Shut up, they said

Oh my, archdiocese of Chicago lawyers at work here, with $15G to spare if this accuser just stops blogging.  Long account, full of details of buffoons and shyster-like behavior. 

Accuser an ex-scriptwriter, names two of the lawyers “Jowls” and “Beady,” gives them starring roles.

They be church lawyers with an offer she refused.  Phew.

Update:  Something’s going on.  As of 2:17 pm, 4/20:

This post has been temporarily removed, it will return soon

Wonders not ceasing yet

Detroit unions under the gun.  Did you say Detroit?

DETROIT—A new state law has emboldened the Detroit mayor and schools chief to take a more aggressive stance toward public unions as the city leaders try to mop up hundreds of millions of dollars in red ink.

Associated Press

Detroit Mayor Dave Bing, right, presented his budget to City Council last week.

Robert Bobb, the head of the Detroit Public Schools, late last week sent layoff notices to the district’s 5,466 salaried employees, including all of its teachers, a preliminary step in seeking broad work-force cuts to deal with lower enrollment.

Earlier last week, Detroit Mayor Dave Bing presented a $3.1 billion annual budget to City Council in which he proposed higher casino taxes and substantial cuts in city workers’ health care and pensions to close an estimated $200 million budget gap.

Yes, I said Detroit.


Be reasonable and lose, Republicans

Red State’s Erick Erickson on why Trump is doing so well in the polling:

At a time when Republican leaders are trying to look “grown up” and “reasonable” in the eyes of the Washington Press Corps, Michele Bachmann is fighting the left.

Michele Bachmann is willing to pick a fight to replace Obamacare when John Boehner and Eric Cantor are willing to roll over. Bachmann is willing to pick a fight on the debt ceiling when the leadership is, even now, negotiating an increase in the debt ceiling while yet again selling out conservatives.

No time for Mr. Nice Guy in this scenario, he’s saying.  Time to say forget-you to the mainstream media, who love a Republican loser.

On the other hand:

Obviously, the primary reason that this has occurred is that we have become such a bizarrely celebrity-obsessed culture (and therefore our ratings-driven media is totally celebrity-driven) that if one is well known enough, then literally nothing is off the table. It is almost as if we have created an unofficial class of royalty whose members are automatically taken seriously in almost any endeavor simply because they are one of the “chosen people.”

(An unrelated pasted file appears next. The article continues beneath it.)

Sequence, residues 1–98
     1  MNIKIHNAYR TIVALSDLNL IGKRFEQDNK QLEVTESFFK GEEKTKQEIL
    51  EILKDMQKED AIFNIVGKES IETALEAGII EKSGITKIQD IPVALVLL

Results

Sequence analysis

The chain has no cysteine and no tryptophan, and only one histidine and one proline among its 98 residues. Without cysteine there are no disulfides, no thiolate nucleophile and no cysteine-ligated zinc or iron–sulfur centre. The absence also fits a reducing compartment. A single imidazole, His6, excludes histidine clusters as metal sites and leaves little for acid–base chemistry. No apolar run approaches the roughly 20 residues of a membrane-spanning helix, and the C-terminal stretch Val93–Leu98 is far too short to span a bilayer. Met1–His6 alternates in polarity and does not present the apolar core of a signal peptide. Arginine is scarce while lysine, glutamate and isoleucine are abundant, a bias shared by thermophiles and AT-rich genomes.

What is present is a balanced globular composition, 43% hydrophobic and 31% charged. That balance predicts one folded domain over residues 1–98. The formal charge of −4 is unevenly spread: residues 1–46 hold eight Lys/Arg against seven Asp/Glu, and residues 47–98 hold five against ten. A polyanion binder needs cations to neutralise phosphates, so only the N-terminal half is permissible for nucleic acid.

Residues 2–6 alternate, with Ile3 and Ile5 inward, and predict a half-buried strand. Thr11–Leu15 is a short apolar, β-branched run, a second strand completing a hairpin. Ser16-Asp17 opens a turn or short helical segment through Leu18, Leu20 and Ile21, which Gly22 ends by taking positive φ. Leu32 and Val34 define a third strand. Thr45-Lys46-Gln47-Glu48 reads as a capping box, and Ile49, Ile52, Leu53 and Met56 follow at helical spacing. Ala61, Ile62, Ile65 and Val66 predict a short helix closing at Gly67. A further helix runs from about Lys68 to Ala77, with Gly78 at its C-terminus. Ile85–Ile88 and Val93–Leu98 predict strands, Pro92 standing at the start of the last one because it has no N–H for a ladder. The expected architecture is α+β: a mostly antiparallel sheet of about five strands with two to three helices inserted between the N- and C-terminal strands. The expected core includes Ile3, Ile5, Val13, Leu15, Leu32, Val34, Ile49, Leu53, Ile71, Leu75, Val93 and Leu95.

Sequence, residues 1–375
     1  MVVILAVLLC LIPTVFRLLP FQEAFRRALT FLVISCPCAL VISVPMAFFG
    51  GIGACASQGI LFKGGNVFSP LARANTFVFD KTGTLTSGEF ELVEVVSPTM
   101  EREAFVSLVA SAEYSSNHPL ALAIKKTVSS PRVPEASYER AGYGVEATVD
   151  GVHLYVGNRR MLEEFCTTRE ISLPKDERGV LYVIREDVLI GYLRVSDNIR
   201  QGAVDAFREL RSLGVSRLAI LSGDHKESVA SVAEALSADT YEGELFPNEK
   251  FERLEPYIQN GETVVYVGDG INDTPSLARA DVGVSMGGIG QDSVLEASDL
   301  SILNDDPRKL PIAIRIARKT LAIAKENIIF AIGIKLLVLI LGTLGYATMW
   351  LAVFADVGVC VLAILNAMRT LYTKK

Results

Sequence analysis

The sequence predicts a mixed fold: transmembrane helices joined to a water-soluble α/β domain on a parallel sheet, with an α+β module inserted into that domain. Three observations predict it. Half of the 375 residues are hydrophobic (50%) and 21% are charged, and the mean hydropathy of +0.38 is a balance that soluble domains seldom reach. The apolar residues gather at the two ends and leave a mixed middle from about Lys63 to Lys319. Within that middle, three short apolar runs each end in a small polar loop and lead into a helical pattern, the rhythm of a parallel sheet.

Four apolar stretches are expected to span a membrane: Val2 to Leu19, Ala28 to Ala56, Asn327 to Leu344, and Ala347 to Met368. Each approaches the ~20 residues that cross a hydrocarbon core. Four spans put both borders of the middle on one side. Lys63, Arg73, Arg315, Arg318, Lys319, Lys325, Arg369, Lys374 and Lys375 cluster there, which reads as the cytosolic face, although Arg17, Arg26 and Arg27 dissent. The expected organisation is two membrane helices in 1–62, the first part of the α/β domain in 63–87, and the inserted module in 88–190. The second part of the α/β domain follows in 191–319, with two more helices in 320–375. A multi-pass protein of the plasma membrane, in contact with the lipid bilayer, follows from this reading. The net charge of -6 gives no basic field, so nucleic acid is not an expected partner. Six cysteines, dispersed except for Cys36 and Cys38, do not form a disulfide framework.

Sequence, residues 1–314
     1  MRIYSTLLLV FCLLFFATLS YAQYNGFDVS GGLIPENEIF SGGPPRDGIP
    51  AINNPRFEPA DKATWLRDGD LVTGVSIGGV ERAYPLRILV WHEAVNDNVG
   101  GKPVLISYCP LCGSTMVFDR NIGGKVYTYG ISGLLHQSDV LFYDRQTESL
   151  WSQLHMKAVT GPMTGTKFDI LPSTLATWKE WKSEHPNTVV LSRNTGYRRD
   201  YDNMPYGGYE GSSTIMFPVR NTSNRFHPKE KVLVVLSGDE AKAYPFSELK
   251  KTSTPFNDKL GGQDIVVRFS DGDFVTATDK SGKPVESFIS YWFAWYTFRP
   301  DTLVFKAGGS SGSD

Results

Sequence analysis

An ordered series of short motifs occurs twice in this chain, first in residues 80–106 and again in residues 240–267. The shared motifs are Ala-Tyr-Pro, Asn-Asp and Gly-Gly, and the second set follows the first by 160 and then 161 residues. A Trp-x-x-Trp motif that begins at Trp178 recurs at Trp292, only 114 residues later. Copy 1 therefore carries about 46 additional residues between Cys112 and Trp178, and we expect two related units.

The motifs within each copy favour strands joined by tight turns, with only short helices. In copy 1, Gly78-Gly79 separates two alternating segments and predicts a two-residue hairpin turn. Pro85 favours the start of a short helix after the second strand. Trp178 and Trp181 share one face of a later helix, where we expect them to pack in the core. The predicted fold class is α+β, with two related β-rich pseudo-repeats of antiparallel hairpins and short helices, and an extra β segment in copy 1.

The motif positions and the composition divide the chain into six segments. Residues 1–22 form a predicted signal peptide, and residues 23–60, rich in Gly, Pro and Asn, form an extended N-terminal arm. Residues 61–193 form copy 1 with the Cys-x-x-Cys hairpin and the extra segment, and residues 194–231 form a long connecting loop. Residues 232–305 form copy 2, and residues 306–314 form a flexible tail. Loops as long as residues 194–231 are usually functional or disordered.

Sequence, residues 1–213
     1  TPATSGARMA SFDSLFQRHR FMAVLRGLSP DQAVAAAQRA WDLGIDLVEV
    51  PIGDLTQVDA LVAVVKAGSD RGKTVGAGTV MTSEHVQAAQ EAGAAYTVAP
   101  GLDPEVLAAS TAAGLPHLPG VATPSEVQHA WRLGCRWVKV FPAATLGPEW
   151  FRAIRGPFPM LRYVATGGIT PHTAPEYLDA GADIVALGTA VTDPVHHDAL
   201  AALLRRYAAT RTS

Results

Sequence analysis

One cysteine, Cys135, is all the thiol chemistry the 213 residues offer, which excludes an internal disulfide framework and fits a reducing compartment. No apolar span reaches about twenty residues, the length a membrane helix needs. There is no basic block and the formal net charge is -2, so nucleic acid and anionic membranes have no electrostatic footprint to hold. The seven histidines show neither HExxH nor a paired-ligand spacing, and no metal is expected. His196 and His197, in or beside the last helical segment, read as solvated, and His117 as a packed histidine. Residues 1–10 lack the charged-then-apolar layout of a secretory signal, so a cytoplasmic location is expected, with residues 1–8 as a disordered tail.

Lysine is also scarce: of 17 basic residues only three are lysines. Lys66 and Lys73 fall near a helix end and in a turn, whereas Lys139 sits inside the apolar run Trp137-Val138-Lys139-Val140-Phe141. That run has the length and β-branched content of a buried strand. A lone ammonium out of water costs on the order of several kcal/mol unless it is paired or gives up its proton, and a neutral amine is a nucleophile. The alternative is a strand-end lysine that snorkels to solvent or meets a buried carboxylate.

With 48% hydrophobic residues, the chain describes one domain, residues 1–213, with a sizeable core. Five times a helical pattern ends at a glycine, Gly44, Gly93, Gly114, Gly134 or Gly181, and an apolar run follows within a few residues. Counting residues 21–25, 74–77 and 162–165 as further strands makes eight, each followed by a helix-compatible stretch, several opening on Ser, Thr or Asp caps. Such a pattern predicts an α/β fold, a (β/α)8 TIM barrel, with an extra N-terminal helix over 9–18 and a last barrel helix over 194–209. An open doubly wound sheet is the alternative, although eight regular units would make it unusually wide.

What makes this development particularly offensive is that there isn’t any distinction between fame and infamy anymore. Being well known is just about all that matters, regardless of how or why it happened.

So when Trump approached CPAC with the proposal to speak (for what would become an episode of his Golf Channel reality show), he already had at least half of the credentials needed to qualify for a spot on the podium: He was famous enough to “trump” his extremely questionable “conservatism.” While obviously I can’t prove it, based on what I know about how things are done at CPAC (as a former co-sponsor), I would be surprised if some sort of “donation” from Trump didn’t smooth over any lingering doubts that they may have had about handing over the conference to such an obvious fraud.

Jefferson on another wall

T. Jefferson quoted in other context than the old favorite in a letter about “wall of separation,” here warning about “domiciliary vexation” (!):

“At home, fellow citizens, you best know whether we have done well or ill. The suppression of unnecessary offices, of useless establishments and expenses, enabled us to discontinue our internal taxes. These covering our land with officers, and opening our doors to their intrusions, had already begun that process of domiciliary vexation which, once entered, is scarcely to be restrained from reaching successively every article of produce and property.”

Unnecessary offices, eh?  Useless establishments and expenses, eh?  Covering our land with officers . . . opening our doors to their intrusions, eh? 

That, fellow citizens, is domiciliary vexation.  We must guard against it, eh?